Synagoga Poznań - Pływalnia Miejska

posted 11 Jul 2017, 21:10 by Lodzer Shabbat-Bulletin   [ updated 11 Jul 2017, 22:38 ]

Where in the world is Rabbi Eli?

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Synagoga Poznań - Pływalnia Miejska

As the crow flies, less than 200 km from Łódź.
I try not to visit Łódź more often than I have to, it tends to leave a dark, gloomy impression. It's not just the history (no lack of that in Poland), it's not the industrial profile of the city (haven't experienced anything of the kind in Manchester or Essen), it's the entire atmosphere, the kind of drab hopeless grey melancholy the very stones there seem to exude.

Instead, I am in Poznań now.
Smack in the middle of Ulica Żydowska, the Jewish Street. [The year is 1916.]
On its way to Spain, our unrelenting magic porridge pot gets to cater for a day and a half to a group of historians from the Institute for Holocaust Research.

Jews lived - and died - in Poznań since Boleslaw the Pious granted them his protection in the 13th c.

Of course, the protection was neither all-encompassing, nor did it much outlast the king who gave it. The persecution culminated in the 1736 burning at the stake of Rabbi Yossef, found guilty in a blood libel trial.

A mere century later, the great Rabbi Akiva Eiger, a champion of Jewish Orthodoxy, spent here the last 22 years of his life. Among many other deeds and achievements, this Chief Rabbi of Poznań was famous for defying quarantine orders to tend to the sick during the great cholera epidemic of 1831.
His grave, desecrated by the Nazis, was found under a parking lot and restored in the early 1990s.

The Holocaust began here on Dec 11, 1939 when the first cattle trucks left the already annexed city for the ghettos of Warsaw and Lublin.


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The New Synagogue building, erected in 1907, was converted by the Nazis into a swimming pool. You can still see where the words "Pływalnia Miejska" (the municipal pool) were coined into the facade.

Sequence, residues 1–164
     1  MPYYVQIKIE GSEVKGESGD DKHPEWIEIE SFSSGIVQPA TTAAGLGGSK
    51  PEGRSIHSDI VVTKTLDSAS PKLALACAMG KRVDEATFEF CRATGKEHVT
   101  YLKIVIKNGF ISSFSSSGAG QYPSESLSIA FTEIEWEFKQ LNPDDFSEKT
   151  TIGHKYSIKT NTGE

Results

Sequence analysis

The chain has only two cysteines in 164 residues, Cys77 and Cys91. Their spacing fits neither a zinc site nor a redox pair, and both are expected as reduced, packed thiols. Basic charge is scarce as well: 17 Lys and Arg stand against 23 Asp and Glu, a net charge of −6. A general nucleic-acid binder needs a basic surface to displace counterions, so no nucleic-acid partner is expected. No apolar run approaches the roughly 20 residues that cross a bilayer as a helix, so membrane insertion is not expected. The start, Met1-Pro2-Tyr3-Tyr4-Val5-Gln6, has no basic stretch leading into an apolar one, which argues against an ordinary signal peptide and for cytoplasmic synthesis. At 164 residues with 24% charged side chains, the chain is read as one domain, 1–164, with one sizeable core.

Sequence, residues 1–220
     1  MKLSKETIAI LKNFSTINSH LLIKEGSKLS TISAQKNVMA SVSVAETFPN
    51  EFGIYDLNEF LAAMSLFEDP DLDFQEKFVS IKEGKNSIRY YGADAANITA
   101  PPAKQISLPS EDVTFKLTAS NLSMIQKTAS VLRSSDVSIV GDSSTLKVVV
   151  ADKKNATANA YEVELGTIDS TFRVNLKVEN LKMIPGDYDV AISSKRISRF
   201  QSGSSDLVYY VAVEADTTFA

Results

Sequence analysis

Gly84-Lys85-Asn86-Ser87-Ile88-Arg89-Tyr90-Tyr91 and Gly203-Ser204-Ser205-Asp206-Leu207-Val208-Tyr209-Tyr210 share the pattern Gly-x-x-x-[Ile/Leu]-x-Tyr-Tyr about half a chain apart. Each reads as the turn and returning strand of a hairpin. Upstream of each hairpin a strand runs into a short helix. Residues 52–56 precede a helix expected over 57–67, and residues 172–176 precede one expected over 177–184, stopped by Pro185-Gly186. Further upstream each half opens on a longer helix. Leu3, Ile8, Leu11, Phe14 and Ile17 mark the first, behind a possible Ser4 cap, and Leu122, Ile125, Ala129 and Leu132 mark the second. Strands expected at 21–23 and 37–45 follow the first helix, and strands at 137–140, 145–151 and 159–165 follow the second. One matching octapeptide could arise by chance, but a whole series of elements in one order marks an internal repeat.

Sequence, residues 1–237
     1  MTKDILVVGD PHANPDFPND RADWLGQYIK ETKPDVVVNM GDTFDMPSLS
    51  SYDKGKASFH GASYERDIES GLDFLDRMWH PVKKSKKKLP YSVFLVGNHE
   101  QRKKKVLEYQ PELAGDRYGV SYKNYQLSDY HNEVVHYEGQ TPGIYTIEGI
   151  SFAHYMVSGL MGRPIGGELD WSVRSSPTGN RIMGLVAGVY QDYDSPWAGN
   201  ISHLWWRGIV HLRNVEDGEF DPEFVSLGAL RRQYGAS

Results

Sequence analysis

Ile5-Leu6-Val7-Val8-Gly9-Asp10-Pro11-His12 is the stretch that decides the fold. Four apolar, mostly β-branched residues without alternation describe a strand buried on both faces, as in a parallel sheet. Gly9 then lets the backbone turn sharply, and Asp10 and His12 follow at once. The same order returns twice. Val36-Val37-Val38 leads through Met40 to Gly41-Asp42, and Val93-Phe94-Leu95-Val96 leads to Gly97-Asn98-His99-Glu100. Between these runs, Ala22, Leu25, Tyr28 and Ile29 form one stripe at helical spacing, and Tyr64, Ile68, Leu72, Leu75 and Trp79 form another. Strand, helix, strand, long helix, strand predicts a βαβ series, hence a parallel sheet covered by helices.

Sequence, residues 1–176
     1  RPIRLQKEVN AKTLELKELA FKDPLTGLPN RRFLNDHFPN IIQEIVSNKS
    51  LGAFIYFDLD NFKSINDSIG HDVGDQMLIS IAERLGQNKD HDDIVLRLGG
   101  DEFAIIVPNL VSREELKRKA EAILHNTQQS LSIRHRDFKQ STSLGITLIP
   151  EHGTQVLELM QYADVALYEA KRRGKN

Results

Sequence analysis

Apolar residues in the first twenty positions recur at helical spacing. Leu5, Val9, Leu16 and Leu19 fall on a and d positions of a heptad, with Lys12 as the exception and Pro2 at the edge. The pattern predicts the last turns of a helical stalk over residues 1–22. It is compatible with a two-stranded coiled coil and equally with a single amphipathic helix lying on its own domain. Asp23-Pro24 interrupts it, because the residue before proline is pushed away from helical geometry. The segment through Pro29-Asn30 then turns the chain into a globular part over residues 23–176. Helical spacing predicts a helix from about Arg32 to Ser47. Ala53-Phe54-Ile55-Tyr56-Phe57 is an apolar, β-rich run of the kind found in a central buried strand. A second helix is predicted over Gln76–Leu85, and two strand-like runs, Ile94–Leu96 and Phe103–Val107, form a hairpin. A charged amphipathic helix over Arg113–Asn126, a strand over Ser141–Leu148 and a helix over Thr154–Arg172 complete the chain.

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The socialist Polish authorities continued the pool designation, and only in 2002 the "swimagogue", as some sharp tongues branded it, was returned to the Jewish community.
There was initially a major project proposal that would see the Schule developed into a full-size JCC complete with a mikveh, restaurant, conference halls, two sanctuaries and a small museum. The necessary €48.5 million were never raised, "surprisingly", and the synagogue does not see much use today.

Take a walk on the streets through the new city to the old downtown, pass by the shabby buildings much in need of a face lift, stop by the Renaissance-ish old marketplace, reasonably well-kept and almost trendy but somehow not attracting a lot of crowd even at nighttime.


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Ironically, nowadays the coffers of this fairly dilapidated city get a hefty supplement from the "Holocaust industry". Yet again the history made a full circle.

Next time, see you in the Basque Country.

RE


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